gir·an·dole | ˈjir-ən-ˌdōl
A shape that consists of three pear-shaped stones (or pearls) hanging from a large stone or decorative motif, such as a bow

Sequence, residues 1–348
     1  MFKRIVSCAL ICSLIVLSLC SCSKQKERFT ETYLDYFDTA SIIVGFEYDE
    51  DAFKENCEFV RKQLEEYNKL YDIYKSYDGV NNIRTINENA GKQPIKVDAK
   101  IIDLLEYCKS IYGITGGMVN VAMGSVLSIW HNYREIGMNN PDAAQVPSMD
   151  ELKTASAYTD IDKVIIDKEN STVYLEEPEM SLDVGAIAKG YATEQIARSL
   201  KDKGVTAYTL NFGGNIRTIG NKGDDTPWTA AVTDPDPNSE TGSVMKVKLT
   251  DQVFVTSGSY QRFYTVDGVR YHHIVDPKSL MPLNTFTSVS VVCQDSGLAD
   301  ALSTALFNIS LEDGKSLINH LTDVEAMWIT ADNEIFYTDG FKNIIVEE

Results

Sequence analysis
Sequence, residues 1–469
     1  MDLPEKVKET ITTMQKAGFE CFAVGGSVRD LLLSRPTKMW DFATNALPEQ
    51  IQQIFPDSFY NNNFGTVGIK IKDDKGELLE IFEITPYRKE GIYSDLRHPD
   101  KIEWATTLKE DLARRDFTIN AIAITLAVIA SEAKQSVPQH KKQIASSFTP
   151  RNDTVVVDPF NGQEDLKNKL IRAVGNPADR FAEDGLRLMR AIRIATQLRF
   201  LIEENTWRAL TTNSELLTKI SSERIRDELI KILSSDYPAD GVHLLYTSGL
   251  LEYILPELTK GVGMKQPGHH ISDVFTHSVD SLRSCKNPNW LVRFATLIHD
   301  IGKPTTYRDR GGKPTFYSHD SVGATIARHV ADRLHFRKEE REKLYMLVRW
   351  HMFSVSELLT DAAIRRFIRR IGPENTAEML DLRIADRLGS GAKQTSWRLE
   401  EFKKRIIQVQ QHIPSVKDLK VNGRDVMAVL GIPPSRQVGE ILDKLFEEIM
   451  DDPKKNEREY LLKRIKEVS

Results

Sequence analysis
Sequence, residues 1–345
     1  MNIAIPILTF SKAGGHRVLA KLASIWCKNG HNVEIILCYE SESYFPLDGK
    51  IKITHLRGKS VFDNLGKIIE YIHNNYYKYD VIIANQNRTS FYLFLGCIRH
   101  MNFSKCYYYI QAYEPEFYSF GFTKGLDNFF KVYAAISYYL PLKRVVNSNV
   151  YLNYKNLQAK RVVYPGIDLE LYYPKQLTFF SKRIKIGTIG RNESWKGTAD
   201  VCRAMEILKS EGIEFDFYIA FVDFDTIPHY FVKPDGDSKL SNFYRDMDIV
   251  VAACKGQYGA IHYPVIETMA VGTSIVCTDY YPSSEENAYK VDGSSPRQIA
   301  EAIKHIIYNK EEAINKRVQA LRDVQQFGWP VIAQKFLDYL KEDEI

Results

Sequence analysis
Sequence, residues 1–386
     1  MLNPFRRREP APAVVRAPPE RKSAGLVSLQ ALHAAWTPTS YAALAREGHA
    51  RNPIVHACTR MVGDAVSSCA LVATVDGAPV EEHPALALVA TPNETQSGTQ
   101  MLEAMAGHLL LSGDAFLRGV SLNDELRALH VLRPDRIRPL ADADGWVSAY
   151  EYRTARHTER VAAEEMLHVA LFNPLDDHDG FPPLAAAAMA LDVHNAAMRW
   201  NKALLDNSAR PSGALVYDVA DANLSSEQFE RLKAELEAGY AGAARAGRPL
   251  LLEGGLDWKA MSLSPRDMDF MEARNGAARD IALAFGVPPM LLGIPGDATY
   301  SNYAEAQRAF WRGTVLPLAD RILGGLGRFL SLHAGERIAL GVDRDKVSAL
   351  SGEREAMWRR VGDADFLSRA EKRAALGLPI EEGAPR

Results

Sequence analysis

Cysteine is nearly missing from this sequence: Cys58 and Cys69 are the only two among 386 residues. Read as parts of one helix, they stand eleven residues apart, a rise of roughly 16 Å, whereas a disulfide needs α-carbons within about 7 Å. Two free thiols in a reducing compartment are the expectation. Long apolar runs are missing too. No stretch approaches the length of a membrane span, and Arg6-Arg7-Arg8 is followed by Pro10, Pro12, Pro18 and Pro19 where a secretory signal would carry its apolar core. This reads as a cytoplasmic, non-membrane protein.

A girandole refers to a specific shape consisting of three separate pear-shaped stones (sometimes pearls) hanging from a larger stone. This can be done as part of a larger decorative motif or a bow. Used most commonly in earrings, the girandole shape was first popularized in the 17th century and was worn commonly for nearly 100 years into the late 18th century. Girandole-style earrings were originally based on the designs of Gilles Legare, featuring a single large circular stone suspending three-to-five pear-shaped gemstones of different kinds. The term has since also been used to describe a type of pendeloque that is used in variations of other popular jewelry.